Research has provided ample evidence that students have different methods of learning, which indicates they have different preferences. For instance, Litzinger, Lee and Wise (2005) indicate that education and liberal arts students are on average visual learners while engineering students on average are sequential, sensing, and visual; the only common preference shown for all three colleges in the study is for visual over verbal. Therefore, if higher education wants to improve student learning more understanding of learning styles are required to develop better instructional strategies. Faculty must be made aware of the differences in student learning styles to alter their preparation and instructional methods.
The research study is quasi-experimental with non-equivalent control group design. The Index of Learning Styles is a psychometric instrument for assessing student learning styles. It is available for free on the Internet (Solomon & Felder, 2004). The instrument has been translated into at least six languages and its website receives about 100,000 hits every year. The instrument was created by Felder and Silverman (1988) using the model "classifies students according to where they fit on a number of scales pertaining to the ways they receive and process information" (p. 674).
Five natural questions (quantitatively and qualitatively) underlie the investigation. Quantitatively, they are:
What is the difference in grade performance between college students using learning style preferences and college students not using learning style preferences in computer-mediated communication courses?
What are the preferred learning styles preferences?
Will the preferences be right or left dominant?
Qualitatively, they are:
How do the respondents' learning style index (left or right dominant)
align with current trends in neurological brain functioning?
Also, the learning style ranges and preferences have been linked by Felder and Spurlin (2005) to brain functioning, and with the latest references from neuroscience (magnetic resonance imaging), and psychological studies (Begley & Schwartz, 2002); (Doidge, 2007); and (Moffett, 2006) have verified brain activity. The ongoing studies (Merzenich, 1987; Kilgard & Merzenich, 1998) in the field of neuroscience and clinical psychology are showing more evidence of such a relationship. This is applicable to instructional design, training and learning performance. The study's conclusions and recommendations section (Chapter 5) will in part discuss brain functionality and the relationship to learning and performance.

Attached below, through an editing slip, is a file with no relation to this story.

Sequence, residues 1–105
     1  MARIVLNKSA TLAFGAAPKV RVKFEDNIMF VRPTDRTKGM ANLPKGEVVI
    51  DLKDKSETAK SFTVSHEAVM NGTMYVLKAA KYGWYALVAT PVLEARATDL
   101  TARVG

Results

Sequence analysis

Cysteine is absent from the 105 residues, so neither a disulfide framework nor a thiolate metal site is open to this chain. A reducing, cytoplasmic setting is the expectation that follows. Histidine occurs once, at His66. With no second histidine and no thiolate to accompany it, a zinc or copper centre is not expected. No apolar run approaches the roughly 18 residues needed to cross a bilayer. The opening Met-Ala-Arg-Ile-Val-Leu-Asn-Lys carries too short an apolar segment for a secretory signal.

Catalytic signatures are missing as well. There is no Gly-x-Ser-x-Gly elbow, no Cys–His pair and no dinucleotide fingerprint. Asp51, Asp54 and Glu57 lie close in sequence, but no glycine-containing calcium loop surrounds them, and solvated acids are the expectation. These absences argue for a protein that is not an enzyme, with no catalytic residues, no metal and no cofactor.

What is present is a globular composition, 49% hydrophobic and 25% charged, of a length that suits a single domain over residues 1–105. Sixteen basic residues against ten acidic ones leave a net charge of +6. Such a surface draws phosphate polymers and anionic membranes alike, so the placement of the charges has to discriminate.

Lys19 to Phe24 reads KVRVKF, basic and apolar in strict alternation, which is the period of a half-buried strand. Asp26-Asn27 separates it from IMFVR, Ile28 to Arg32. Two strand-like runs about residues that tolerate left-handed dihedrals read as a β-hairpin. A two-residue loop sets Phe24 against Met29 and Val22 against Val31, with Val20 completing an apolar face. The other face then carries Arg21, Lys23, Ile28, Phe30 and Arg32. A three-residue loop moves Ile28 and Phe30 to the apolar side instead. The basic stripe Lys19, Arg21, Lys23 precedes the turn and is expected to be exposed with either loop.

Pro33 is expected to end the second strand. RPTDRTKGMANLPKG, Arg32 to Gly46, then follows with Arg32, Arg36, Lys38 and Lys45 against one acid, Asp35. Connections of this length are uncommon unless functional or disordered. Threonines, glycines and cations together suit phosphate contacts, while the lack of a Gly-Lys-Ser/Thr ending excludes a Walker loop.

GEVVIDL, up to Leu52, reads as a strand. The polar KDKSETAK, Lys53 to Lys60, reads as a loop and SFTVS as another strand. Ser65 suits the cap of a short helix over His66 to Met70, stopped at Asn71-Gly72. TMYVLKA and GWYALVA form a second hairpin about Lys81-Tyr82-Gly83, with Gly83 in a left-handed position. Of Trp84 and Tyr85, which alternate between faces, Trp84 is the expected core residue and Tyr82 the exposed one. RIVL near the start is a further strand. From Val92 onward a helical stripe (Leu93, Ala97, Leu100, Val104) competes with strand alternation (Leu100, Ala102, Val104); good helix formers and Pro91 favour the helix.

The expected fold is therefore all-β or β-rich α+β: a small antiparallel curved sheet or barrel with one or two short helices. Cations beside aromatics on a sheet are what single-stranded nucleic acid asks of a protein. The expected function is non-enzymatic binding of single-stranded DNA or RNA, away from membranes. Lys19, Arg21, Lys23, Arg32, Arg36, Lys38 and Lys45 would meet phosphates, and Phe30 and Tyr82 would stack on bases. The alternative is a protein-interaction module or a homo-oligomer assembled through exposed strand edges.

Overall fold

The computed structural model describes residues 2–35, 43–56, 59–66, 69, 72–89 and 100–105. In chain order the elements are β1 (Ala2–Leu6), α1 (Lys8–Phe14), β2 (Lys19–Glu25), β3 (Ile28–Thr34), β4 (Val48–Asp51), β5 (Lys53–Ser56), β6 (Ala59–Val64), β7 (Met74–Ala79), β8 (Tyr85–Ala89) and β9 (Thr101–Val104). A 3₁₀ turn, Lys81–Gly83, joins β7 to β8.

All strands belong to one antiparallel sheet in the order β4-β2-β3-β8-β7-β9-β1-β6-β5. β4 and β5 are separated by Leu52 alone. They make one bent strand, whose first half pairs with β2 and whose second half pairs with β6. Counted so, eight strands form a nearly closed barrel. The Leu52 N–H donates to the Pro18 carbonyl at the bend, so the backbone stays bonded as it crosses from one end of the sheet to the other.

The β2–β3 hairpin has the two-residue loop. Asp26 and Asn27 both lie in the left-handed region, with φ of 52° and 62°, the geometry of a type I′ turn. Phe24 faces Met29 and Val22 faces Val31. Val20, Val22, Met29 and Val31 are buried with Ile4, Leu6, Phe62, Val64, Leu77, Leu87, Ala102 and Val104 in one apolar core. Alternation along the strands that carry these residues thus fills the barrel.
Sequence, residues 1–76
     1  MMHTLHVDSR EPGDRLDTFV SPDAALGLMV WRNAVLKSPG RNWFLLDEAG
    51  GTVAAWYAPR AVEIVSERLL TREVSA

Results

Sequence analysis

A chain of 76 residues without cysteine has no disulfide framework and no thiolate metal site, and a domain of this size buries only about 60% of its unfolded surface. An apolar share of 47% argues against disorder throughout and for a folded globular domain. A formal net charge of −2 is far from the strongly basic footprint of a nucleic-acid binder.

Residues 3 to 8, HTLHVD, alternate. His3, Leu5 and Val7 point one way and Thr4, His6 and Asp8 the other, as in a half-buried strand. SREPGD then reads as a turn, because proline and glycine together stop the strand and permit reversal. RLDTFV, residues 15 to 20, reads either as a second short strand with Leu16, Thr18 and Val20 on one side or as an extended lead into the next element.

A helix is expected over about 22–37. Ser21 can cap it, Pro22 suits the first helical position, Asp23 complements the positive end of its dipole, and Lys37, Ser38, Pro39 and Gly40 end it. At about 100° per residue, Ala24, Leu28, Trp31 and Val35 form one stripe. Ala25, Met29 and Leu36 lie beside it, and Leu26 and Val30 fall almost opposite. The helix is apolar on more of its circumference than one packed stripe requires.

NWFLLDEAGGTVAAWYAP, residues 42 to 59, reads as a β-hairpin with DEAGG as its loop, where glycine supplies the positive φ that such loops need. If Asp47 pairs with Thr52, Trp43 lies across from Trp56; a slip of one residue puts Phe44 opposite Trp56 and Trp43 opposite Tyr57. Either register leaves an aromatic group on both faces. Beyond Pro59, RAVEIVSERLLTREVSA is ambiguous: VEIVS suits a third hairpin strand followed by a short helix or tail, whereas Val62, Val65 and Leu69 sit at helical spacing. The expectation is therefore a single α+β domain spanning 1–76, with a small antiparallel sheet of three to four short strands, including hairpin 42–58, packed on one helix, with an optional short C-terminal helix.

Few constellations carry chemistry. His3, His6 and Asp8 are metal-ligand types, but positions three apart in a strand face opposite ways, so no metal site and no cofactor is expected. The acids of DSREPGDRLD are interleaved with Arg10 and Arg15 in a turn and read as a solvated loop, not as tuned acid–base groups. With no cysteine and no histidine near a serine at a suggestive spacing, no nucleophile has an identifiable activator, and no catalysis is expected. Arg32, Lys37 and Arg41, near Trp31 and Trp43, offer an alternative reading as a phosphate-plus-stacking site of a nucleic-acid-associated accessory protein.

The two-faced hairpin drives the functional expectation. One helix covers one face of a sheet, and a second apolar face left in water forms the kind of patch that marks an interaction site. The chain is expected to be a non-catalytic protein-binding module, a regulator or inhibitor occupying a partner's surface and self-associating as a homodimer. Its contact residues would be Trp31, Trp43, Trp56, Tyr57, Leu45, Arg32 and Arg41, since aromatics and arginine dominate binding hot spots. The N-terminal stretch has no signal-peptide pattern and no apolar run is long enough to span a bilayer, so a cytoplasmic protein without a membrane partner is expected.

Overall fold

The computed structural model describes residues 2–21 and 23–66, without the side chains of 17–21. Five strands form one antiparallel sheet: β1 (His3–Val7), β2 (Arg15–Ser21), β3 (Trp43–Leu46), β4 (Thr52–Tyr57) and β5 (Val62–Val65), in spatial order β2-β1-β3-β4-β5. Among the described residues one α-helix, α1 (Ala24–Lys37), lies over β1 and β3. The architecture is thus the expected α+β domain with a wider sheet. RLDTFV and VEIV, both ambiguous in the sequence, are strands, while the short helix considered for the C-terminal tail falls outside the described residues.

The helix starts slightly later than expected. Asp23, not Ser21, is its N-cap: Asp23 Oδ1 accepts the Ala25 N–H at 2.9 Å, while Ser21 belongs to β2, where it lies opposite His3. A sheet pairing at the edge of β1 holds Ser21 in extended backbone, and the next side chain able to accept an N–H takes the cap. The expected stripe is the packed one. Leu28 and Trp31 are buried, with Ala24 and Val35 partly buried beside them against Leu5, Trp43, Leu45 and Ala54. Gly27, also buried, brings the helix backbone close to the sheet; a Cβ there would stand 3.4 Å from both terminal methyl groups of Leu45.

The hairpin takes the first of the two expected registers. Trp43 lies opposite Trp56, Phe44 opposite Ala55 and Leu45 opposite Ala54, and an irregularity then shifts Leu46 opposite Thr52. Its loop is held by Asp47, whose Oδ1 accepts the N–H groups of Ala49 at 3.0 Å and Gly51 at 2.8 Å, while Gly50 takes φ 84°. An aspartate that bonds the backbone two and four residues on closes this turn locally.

Significance of the Study
As 21st century learning and performance challenges drive higher education coupled with technology advancement, "distance education methodologies (computer-mediated communication) have come into prominence (Morrison, 2003)." Factors emerging as a part of post-secondary education in the 21st century are student-learning styles, learning performance and technology performance outcomes. It is important to clarify that learning styles are characteristically cognitive affecting and are psychological behaviors that serve relatively stable indicators of how learners perceive, interact, and respond to the learning environment (Keef, 1979). If the variable affected by treatment does change in the predicted direction, student learning preferences will improve performance (grades). If a balance is achieved in teaching and learning styles, both faculty and students will have two-way facilitation in a manner they prefer, which will lead to increased comfort levels and reengage students the freedom and willingness to learn.
Therefore, in the spirit of this context, the significance of the pending study is the influence of learning styles on grade performance, learning style preferences, and neurological underpinnings in computer-mediated communication. Since the shift in higher education supports the use of and advancements in technology, which increases the demand for computer-mediated communication, the way students take in and process information is critical to pedagogy and learning outcomes.